United States, 2009
U.S. Release Date:
R (Violence, Profanity)
Theatrical Aspect Ratio:
Jesse Eisenberg, Woody Harrelson, Emma Stone, Abigail Breslin
Rhett Reese & Paul Wernick
Simply put, most horror films are not scary. There are exceptions, of course, but those are increasingly rare. I think the last horror movie that had me on edge may have been The Mist, and that was released two years ago. Nevertheless, the genre remains incredibly popular, so what better way to populate it than with movies that recognize the comedic potential of many staple horror situations? What was once an obscure and often derided cinematic category, the "horror comedy," has come into its own. Films like Sam Raimi's Evil Dead II and Army of Darkness, Don Coscarelli's Bubba Ho-Tep, Michele Soavi's Cemetery Man, and (most obviously) Edgar Wright and Simon Pegg's Shaun of the Dead have paved a path that allows productions like Zombieland to make their road trips with ease. The key with this movie, as with the others (and many more like it) is that, although there are "boo!" moments and gore, comedy always trumps horror. The production wants viewers to laugh; if they leave the theater without doing so, the filmmakers have failed to do their jobs. Zombieland is funny - sometimes very funny - and has a clever script. Director Ruben Fleischer, making his feature debut, and screenwriters Rhett Reese & Paul Wernick have accomplished what they set out to achieve.
The zombies of Zombieland are members of the "new breed," meaning they're not self-exhumed corpses that have come back from the dead to terrorize the living, but plague victims whose brains have rotted, leaving behind violent, cannibalistic shells. By the time the movie has started, the epidemic has long since swept across the globe, infecting nearly the entire population. Humans are few and far between. Our narrator, "Columbus" (Jesse Eisenberg), who bears the name of the city from which he hails, has survived into the post apocalyptic era by following a list of 31 rules - stay in good shape (to outrun the zombies), beware of public bathrooms, always wear a seatbelt, don't be a hero, etc. Whenever Columbus follows one of these rules, Fleischer helpfully prints the rule # and description on screen to remind us.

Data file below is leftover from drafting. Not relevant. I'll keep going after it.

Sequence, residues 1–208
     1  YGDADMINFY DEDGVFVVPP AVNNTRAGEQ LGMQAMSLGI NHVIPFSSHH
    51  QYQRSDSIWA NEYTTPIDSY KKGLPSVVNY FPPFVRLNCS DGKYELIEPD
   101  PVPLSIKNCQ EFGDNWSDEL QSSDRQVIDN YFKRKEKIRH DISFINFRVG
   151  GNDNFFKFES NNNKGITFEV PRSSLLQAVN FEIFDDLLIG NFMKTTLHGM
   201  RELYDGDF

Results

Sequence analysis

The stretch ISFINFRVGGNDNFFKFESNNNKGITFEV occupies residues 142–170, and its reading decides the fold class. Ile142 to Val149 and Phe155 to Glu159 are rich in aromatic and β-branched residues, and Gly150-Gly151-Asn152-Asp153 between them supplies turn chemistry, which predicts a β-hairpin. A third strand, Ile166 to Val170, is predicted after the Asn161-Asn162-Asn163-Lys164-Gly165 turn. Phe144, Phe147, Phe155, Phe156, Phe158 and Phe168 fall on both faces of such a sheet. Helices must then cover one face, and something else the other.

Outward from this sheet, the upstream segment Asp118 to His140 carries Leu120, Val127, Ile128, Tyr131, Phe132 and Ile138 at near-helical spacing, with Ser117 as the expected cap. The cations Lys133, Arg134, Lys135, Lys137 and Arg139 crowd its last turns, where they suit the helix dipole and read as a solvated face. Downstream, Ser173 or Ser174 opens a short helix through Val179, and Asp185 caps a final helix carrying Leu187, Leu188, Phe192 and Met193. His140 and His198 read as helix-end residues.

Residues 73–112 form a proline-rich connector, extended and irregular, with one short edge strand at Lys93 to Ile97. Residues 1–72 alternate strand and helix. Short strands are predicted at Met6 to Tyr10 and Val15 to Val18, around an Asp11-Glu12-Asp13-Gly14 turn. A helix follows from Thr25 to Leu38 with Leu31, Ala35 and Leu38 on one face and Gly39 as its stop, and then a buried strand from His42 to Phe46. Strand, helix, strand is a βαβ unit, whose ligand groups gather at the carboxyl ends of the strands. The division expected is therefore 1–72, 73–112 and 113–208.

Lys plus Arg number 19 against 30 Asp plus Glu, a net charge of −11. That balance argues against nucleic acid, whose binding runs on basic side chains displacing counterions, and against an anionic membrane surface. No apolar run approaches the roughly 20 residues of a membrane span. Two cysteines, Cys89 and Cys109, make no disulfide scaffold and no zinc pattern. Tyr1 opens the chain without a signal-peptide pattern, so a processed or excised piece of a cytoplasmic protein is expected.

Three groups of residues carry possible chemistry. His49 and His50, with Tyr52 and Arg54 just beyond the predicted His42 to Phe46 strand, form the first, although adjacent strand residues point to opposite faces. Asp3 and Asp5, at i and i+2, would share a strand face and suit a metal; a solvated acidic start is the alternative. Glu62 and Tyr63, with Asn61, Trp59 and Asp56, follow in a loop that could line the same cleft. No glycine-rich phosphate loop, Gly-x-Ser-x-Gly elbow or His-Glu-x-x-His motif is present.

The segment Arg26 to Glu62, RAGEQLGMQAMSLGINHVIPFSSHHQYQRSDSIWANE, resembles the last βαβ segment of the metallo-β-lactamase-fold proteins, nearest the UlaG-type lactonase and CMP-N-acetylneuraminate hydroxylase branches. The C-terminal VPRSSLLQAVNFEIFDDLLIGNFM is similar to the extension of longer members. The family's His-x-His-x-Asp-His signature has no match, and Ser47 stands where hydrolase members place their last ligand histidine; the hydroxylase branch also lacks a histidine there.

Despite having been born in Columbus, our hero is in Texas when the action begins. He's trying to get home, mainly because he hopes to see a familiar face. He encounters the redneck zombie-killer Tallahassee (Woody Harrelson, providing his best performance in years) on the road. Tallahassee is headed for Florida and has two great passions in life: kicking zombie ass and finding an edible Twinkie. They later hook up with sisters Wichita (Emma Stone) and Little Rock (Abigail Breslin), who aren't what they initially seem to be. Little Rock provides Tallahassee with a surrogate daughter of sorts while Columbus hopes that Wichita might be girlfriend material - not that he has parents he can bring her home to meet.
Although the zombie presence always exists in the background, much of the movie plays out like a traditional road trip, with four diverse individuals making their way from Texas to California, heading for a "promised land" (in this case, an amusement park) that might be a myth. Along the way, they bond, learn things about each other, and come to understand what they hope to get out of this screwed-up life. Occasionally, of course, there are zombies to deal with but, until the end when they arrive en masse, they're more nuisances than serious obstacles.
The best scenes involve a cameo by Bill Murray as Bill Murray. He lives in a palatial mansion complete with a theater that plays Ghostbusters. It's refreshing to see Murray in this role, limited though it may be, because it reminds us he can still be very funny. Recently, he has been appearing in so many straight and/or offbeat parts that I was beginning to wonder. He has the best line in Zombieland - I won't reveal it here, since comments taken out of context often lose their humor, but it references Garfield.
One thing I appreciate about Zombieland is that it doesn't ignore the concept of character development. Don't misunderstand - these are by no means fully realized, three-dimensional entities; however, they are more than caricatures. Each has some nice moments and an investment is made in creating bonds and relationships. Fleischer and his screenwriters don't fumble the ball the way the filmmakers do in about 90% of comedies and horror movies by making the characters little more than animated props - punch-line targets or splatter-fodder. By the time Zombieland reached its climax, I actually cared about who lived and died, and that reaction honestly took me by surprise. So, while I will admit that Zombieland isn't an especially good horror movie, it succeeds in enough different ways that such a defect hardly matters.
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